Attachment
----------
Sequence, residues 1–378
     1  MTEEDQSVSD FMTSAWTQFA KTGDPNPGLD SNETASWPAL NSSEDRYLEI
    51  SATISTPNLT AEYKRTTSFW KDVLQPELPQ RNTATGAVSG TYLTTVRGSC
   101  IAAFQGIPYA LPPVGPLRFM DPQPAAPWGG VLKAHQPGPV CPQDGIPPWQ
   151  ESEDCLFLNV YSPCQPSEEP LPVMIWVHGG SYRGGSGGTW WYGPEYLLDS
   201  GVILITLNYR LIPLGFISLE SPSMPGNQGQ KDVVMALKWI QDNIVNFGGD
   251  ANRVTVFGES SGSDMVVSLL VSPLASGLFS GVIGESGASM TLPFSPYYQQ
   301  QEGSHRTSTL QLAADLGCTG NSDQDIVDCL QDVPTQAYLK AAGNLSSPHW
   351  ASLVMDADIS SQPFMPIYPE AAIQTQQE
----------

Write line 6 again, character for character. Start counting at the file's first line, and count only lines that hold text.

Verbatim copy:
   201  GVILITLNYR LIPLGFISLE SPSMPGNQGQ KDVVMALKWI QDNIVNFGGD